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Floyd Landis starting own cycling team

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Floyd Landis is using money he earned by taking down Lance Armstrong to start his own cycling team.

The man whose own doping saga cost him the 2006 Tour de France title and eventually helped expose Armstrong’s cheating says he’s building a developmental team for 2019 that will be based out of Canada.

He says this is his way of trying to rebuild trust inside a cycling community that has viewed him skeptically since he lied about taking performance enhancers in a much-publicized hearing in 2007.

“That’s the main motivation of the whole thing,” Landis said in an interview with The Associated Press. “A lot of things were said about me, and a lot was justified. A lot was PR from people who didn’t like the fact I exposed (the doping). One of the main arguments was, `He ran out of money and that’s why he did it.’ It was never the case. But there’s no way to disprove that, and if people don’t believe me now, there’s nothing I can do about it.”

Three years after losing his doping case, Landis provided key information about his own doping and that of Armstrong and his U.S. Postal Service team, all of which led to Armstrong’s lifetime ban.

Landis is using part of the proceeds from Armstrong’s lawsuit settlement with the government to fund the team. Landis and his legal team split around $2.75 million off the settlement because he brought a whistleblower lawsuit that triggered the case.

Now 42, Landis runs a business in the Colorado mountains, Floyd’s of Leadville, that specializes in marijuana and hemp-based products that are designed to relieve chronic pain.

His company will sponsor the new cycling team, which will take some riders from Silber Pro, a team out of Canada run by former teammate Gord Fraser that is shutting down at the end of this year. The team will also open opportunities for other young riders whose teams were dismantled after losing sponsors.

Landis is well aware his detractors will shake their head at his attempt to get back into the cycling game.

“I don’t like ridicule, obviously, and sometimes it looks like I’m looking for it,” he said. “I hope I can convince everyone that I’m contrite, I’m living my life, and hopefully they can let it go. Most people in cycling know that any support they can get for the sport is good and helpful. This gives me a chance to show them I can run a good team in an ethical way, and gives me a chance to show I know what I’m doing.”

Andre Cardoso banned four years for doping

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AIGLE, Switzerland — The International Cycling Union says it imposed a four-year ban on Portuguese rider Andre Cardoso for doping with EPO ahead of the 2017 Tour de France.

The UCI says its anti-doping tribunal gave its verdict, in a case opened almost 17 months ago.

Cardoso tested positive for the endurance boosting hormone two weeks before the Tour.

He was suspended by Trek-Segafredo, which selected Cardoso as a specialist climber to support team leader Alberto Contador.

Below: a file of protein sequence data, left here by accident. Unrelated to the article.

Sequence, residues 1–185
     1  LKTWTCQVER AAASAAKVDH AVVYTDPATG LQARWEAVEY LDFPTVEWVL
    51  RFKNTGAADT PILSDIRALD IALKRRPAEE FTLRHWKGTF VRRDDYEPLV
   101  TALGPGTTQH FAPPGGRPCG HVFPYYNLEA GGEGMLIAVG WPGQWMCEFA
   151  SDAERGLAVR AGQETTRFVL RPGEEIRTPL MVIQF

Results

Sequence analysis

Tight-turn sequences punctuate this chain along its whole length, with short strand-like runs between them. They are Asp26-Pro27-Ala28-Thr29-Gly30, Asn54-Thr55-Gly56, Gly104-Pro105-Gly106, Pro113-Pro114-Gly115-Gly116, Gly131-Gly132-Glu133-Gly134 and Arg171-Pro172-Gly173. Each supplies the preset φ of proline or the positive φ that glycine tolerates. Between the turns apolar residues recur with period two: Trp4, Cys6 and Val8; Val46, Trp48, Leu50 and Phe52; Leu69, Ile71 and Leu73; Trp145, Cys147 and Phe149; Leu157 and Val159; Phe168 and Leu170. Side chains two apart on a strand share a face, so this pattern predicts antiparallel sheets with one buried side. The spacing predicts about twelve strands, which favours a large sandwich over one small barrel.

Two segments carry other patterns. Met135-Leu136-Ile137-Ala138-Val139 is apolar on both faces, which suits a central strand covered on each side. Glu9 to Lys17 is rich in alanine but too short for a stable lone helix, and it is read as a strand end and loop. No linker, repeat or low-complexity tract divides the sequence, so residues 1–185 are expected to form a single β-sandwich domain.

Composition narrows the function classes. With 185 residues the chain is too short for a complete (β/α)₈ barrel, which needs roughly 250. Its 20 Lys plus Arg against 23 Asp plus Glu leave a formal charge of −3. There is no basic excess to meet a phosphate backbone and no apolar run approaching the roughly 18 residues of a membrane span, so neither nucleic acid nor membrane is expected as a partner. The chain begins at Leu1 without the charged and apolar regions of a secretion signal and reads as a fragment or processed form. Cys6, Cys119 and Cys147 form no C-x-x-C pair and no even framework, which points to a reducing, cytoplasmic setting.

The 34-year-old Cardoso had career top-20 finishes in the Giro d’Italia and Spanish Vuelta, and competed in the road races at the 2008 Beijing Olympics and 2016 Rio de Janeiro Olympics.

Pro riders union upset by doping control during cycling gala

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PARIS — The professional cyclists’ union is urging anti-doping authorities to treat athletes in a more respectful manner after a Belgian rider was forced to leave a cycling gala to follow anti-doping inspectors for an out-of-competition test.

Pieter Serry, who rides for the Quick Step team, missed the Gala of the Flandrien on Tuesday after doping inspectors came to the ceremony to take samples.

In a statement published Wednesday, the riders’ association (CPA) complained about “another case of non-respect for the privacy of the riders” and criticized the odd timing of some doping controls.

“There have been cases reported where the riders were checked on their wedding day, during a funeral or on their child’s first day of school,” said Gianni Bugno, the president of the CPA. “Now we read about the case of Pieter Serry, controlled in the offseason, out of the hour scheduled, while at the Flemish cycling festival. … The riders pay 2 percent of their prizes to make these controls possible, they are the only athletes in the world who pay the anti-doping from their own pockets,” Bugno said. “The riders respect the measures required for the fight against doping, but at least they ask for the respect of their private life in return.”

Belgian media quoted Serry as saying he had already been tested two weeks ago and told antidoping authorities he was available from 7 a.m. to 8 a.m. at his home.

“I understand that there must be checks and that people have to do their work, but two checks immediately after each other, out of season, is simply a waste of money. I feel like a prisoner with an ankle monitor,” Serry was quoted as saying.

The CPA added it will try to find out whether it was the Belgian anti-doping agency, the national cycling federation or Cycling’s anti-doping foundation (CADF) which ordered Serry’s test.

“In addition, the CPA will present an official request to all the bodies involved in the fight against doping and the UCI to establish a code of conduct for the controllers, to ensure the respect for the private life of the athletes, at least in certain circumstances,” the CPA said.